With the confirmation of a third Democrat to the Federal Trade Commission, the progressive chair, Lina Khan, regains the agency’s majority — and the ability to speed ahead with her priorities.
The Senate on Wednesday confirmed President Joe Biden’s pick for Federal Trade Commissioner, Alvaro Bedoya. The 51-50 vote was along party lines, with Vice President Kamala Harris breaking a tie. For months, Senate Majority Leader Chuck Schumer has urged swift confirmation of Bedoya, who’s nomination Senate Republicans have aggressively opposed.
Republicans on the Senate Commerce Committee have so far blocked the nominations of Georgetown University law professor Alvaro Bedoya to the FTC and consumer advocate Gigi Sohn to the FCC, largely on grounds that they are too partisan. That left both commissions deadlocked with a 2-2 split between Democrats and Republicans, denying agency leaders the majorities they needed to advance the Biden administration’s priorities. In response, Senate Democratic leaders are preparing to use a parliamentary maneuver known as a discharge petition to allow a floor vote on both nominees, according to people familiar with the matter.
With the asterisked caveat that the items are “subject to change,” a vote on the nomination of Gigi Sohn to the open Democratic seat on the FCC has been set. The Senate Commerce Committee has scheduled an executive session for Wednesday, Feb. 2, and Sohn is among 14 nominations slotted to get a vote. Among the other nominees are Alvaro Bedoya for the open Democratic seat on the Federal Trade Commission and four members of the board of the Corporation for Public Broadcasting: Kathy Im, Thomas Rothman, Elizabeth Sembler and Laura Ross.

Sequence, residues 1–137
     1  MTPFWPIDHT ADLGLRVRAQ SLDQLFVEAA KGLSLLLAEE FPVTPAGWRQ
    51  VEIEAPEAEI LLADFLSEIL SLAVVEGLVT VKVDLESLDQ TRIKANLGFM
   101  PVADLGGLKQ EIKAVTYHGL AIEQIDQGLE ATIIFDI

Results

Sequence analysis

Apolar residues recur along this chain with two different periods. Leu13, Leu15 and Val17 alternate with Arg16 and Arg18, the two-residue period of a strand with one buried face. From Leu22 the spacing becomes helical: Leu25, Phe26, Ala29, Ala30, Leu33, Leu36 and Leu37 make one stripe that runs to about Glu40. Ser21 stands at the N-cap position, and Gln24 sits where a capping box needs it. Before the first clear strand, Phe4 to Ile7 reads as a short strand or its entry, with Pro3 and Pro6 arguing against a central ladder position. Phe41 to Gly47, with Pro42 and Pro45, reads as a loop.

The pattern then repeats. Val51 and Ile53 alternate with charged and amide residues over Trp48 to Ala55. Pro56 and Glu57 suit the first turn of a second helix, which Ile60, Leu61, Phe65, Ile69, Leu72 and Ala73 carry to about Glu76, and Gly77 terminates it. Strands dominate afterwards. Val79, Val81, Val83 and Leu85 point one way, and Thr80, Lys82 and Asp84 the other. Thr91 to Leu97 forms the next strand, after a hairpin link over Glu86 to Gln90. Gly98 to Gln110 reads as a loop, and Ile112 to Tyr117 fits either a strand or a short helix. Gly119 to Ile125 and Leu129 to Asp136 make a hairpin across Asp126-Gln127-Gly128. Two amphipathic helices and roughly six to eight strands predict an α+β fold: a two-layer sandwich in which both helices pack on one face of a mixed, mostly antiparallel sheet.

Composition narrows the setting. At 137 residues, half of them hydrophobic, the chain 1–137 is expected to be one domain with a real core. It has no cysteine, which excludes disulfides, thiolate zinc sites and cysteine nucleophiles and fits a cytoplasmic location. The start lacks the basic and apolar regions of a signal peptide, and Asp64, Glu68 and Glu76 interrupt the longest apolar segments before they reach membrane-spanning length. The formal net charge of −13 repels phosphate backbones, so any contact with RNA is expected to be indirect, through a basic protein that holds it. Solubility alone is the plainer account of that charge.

FCC pick Gigi Sohn and FTC hopeful Alvaro Bedoya are facing blowback for past slams at targets like Fox News, ICE and former President Donald Trump — posing yet another obstacle to Democrats’ policy agenda.
President Joe Biden will nominate privacy advocate Alvaro Bedoya for a seat on the Federal Trade Commission, an agency facing accusations of lax scrutiny of major tech platforms’ anticompetitive behavior and data practices, according to people familiar with the White House’s plan.
While the Biden administration has been slow to appoint the key decisionmakers at agencies overseeing technology issues, a handful of people are on the inside track to lead them. By and large, these likely appointees do not have direct ties to Big Tech companies and have advocated for tougher measures against the industry. Many also previously served in the Obama administration and fall in the progressive camp.